Thursday, April 12, 2012

Not since the 17th century have the homes of the rich been so amply fortified.

Fueled by homeowners' increasing demands for privacy and security, a new generation of elaborate security gates are being installed around the country. A far cry from the lavishly decorated, overtly showy spectacles of the past, these barriers are designed to be unobtrusive and easily overlooked. Packed within and around them, however, is a plethora of state-of-the-art technology—facial-recognition devices, Internet-connected digital cameras, remote iPad control and other features—that can drive up the cost of an entry up to $1 million or more.

Tom Cruise's Beverly Hills, Calif., home is fronted by simple rust-colored arched gates. They're no more than 6 feet tall, flanked by sand-colored stone pilasters. But they conceal a small guard shack that sits right inside the property. A dense thicket of 50-foot-tall trees shrouds the long driveway; the home sits about a quarter mile back. Hidden pan-and-tilt cameras are mounted on the stone pilasters and on posts inside the driveway. One sits at dog level, programmed to capture the license plates of cars as they drive in.

Steven Spielberg's estate in Pacific Palisades, Calif., has a similarly nondescript exterior. Sandwiched between low white pillars, brown gates, coupled with a wood plank fence wrapped in chain link, block off the property. "Clients used to want huge gates and security detail sitting visibly outside," says Dennis Bridwell, a private investigator and, according to public documents, a longtime security consultant to celebrities like Gwyneth Paltrow and Jennifer Garner. "But those days are over."

Even those owners who are continuing to construct traditional extravagant entryway gates are toning them down, erecting their fancy gates well inside their property lines and installing more muted versions for the exterior. Reclusive billionaire Ty Warner, who made his fortune manufacturing and distributing Beanie Babies and is now in the luxury-hotel business, installed a few years ago three pairs of 11½-foot-tall bronze gates for the interior doors to his estate in Montecito, Calif. In a hand-rubbed bronze, they also have glass behind the metalwork. By contrast, he asked Les Métalliers Champenois, a company that specializes in high-end metalwork, to finish his exterior driveway gate with a dark patina to reduce the metal's golden sheen.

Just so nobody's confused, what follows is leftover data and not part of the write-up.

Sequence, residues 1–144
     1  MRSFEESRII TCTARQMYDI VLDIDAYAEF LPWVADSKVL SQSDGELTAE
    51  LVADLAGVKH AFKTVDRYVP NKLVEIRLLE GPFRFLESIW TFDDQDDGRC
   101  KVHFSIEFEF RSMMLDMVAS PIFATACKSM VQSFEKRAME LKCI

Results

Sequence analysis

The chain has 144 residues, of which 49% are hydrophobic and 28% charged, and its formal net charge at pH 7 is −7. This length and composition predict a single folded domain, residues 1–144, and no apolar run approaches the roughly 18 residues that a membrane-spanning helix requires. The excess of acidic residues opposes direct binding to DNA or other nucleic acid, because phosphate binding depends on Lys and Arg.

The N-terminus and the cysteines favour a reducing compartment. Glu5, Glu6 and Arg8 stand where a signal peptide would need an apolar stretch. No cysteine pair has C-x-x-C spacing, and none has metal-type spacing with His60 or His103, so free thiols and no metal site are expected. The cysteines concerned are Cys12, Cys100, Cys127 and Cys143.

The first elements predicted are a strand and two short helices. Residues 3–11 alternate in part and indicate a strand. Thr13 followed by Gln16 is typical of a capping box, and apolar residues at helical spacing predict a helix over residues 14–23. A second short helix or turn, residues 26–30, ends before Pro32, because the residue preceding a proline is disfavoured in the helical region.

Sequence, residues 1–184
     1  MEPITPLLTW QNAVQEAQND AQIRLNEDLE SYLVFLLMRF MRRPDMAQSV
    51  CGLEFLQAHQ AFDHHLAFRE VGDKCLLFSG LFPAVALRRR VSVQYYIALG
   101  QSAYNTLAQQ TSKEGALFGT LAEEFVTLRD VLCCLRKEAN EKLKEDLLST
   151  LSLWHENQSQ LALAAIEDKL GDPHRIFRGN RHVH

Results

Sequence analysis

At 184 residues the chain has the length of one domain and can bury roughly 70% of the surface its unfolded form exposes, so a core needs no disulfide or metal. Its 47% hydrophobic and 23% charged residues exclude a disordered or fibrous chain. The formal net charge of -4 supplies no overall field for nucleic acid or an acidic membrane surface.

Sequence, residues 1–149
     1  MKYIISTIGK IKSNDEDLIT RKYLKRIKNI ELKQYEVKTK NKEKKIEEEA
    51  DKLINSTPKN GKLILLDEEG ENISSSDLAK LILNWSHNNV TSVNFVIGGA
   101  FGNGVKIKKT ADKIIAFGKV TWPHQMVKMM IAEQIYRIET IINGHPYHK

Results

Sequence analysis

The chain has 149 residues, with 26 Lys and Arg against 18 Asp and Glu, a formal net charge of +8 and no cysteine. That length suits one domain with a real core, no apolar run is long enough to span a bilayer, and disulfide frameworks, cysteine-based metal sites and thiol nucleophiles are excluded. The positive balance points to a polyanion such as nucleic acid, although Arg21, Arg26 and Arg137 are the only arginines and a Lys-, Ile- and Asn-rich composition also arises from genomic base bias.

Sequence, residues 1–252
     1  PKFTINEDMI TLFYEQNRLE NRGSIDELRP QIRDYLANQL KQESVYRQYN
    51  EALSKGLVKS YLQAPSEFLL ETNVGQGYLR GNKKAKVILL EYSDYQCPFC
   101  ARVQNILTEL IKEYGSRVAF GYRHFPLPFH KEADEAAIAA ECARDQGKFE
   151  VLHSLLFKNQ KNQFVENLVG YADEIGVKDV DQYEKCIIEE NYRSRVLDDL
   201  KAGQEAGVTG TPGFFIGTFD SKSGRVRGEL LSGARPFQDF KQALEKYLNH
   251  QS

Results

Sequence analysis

High-end gate-design firm Picasso Gate, based in Cheyenne, Wyo., books appointments up to two years in advance. Its founder, Brent Nichols, has customized entryways for Mr. Cruise and Kevin Costner; last summer he helped identify and fix a problem with the White House's gate, which had stymied everyone including its manufacturer. "I'm not sure I can really disclose what was wrong with them," he says. "I'm not sure I should be talking to you at all."

DoorKing, an Inglewood, Calif., company that manufactures gate-operator systems, has seen orders climb back toward to the levels they had reached before the recession, says Richard Sedivy, its director of marketing. ADT estimates that the North American residential and small-business security market has grown steadily despite the recession and the mortgage crisis, expanding to about $12.5 billion in 2011 from $11.3 billion in 2006 .

"We had the worst housing market of all time, but the security business grew right through it," says Jeff Sprague, a managing partner who follows the industry at Vertical Research Partners...